So tomorrow it is just the reverse. I have my fire gloves and inferred thermometer ready to go.
 
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Old 05-27-2019, 07:47 AM
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I have this job on my to-do list, has been there for almost two years now.....so John any and all "lessons learned" please post to help me out.
 
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Old 05-27-2019, 04:26 PM
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Well, it's done. Or, mostly done. I still have the car on jack stands, and even though I have the tools put away, and the fill nut fully torqued back down. I may double check my level one more time. I'm just not 100% convinced I got the procedure/ amount of fluid right. The biggest thing I learned from this, is it would have been a whole lot easier if you had a helper who was working above and staying mostly clean, while I worked below.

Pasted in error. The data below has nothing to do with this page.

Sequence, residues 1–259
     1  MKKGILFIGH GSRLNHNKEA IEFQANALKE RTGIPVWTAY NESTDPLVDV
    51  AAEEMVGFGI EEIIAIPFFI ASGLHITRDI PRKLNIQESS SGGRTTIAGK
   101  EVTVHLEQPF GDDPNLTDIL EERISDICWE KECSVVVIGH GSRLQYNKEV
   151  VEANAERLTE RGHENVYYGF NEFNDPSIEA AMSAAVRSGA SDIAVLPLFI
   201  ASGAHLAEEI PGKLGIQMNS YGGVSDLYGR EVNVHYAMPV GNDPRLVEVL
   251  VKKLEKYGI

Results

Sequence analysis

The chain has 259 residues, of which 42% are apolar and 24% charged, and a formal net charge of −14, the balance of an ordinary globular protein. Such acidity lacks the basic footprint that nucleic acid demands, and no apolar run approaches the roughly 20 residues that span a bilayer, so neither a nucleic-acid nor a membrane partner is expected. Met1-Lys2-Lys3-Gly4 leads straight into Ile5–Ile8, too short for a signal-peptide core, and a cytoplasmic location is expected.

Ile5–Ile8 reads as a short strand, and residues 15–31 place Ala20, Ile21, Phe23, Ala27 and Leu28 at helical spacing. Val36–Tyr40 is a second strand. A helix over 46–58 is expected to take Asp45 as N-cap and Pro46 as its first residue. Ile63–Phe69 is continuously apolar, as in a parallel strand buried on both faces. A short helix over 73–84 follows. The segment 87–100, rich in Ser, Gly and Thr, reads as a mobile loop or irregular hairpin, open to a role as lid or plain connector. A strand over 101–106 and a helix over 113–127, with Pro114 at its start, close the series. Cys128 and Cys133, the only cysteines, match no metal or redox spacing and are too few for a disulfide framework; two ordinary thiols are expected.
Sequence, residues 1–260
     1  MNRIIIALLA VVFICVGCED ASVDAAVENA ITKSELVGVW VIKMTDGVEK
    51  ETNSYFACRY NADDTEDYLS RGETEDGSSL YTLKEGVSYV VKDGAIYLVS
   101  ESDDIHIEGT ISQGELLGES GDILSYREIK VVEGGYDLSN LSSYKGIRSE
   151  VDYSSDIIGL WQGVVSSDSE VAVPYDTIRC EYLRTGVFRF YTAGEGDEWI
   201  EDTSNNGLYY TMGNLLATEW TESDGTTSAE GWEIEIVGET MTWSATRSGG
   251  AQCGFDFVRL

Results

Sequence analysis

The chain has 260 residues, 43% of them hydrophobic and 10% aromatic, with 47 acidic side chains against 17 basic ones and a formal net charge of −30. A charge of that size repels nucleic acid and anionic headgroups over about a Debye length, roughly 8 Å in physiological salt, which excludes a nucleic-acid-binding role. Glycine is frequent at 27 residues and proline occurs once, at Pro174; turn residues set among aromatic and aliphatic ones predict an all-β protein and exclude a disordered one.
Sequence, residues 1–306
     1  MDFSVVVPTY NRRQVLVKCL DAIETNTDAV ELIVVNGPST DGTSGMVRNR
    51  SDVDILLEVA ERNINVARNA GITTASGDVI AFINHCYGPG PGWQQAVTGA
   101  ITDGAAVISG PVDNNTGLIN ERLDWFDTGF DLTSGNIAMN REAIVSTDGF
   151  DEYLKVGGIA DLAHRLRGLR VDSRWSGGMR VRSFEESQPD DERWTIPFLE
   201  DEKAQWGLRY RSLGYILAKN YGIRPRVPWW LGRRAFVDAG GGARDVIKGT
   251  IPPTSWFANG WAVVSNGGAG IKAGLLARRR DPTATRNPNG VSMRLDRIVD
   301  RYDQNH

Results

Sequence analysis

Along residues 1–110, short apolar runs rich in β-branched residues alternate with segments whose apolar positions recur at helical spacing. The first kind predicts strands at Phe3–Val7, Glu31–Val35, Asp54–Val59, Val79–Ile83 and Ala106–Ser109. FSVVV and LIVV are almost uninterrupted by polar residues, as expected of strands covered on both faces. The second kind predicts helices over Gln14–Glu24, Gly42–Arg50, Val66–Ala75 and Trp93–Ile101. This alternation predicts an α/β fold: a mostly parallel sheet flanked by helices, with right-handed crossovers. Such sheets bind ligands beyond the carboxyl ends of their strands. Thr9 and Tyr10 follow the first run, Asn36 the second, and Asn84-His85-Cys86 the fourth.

Here is what I did. I started by putting the bridge gasket in, and the tube seals. The tube seals gave me my first worry, I thought they were supposed to be flush, and mine stuck out about a 1/16 of an inch or so. I tried finding info, and the best I got was rewatching the video I posted above, and noticing his stuck out a bit too, I'm guessing about the same. So back under the car, mount up the valve body, this went smooth. Torqued all the screws down to spec, and this also went smooth. Tried to install the new mechatronic sleeve, this did not go smooth. After trying for way longer then I should have, I finally tried the old one, and it went right in. The third party one I had, just wouldn't go (it felt like it was in, but the locking bar wouldn't go back in). So since the old one was still in good shape, I decided to go with that. Lesson learned (as others have said plenty of time, for these parts, go with original, not 3rd party). So now to install the pan, that went fine, torque down all 21 bolts around the edge, that went fine. Time to start filling with fluid.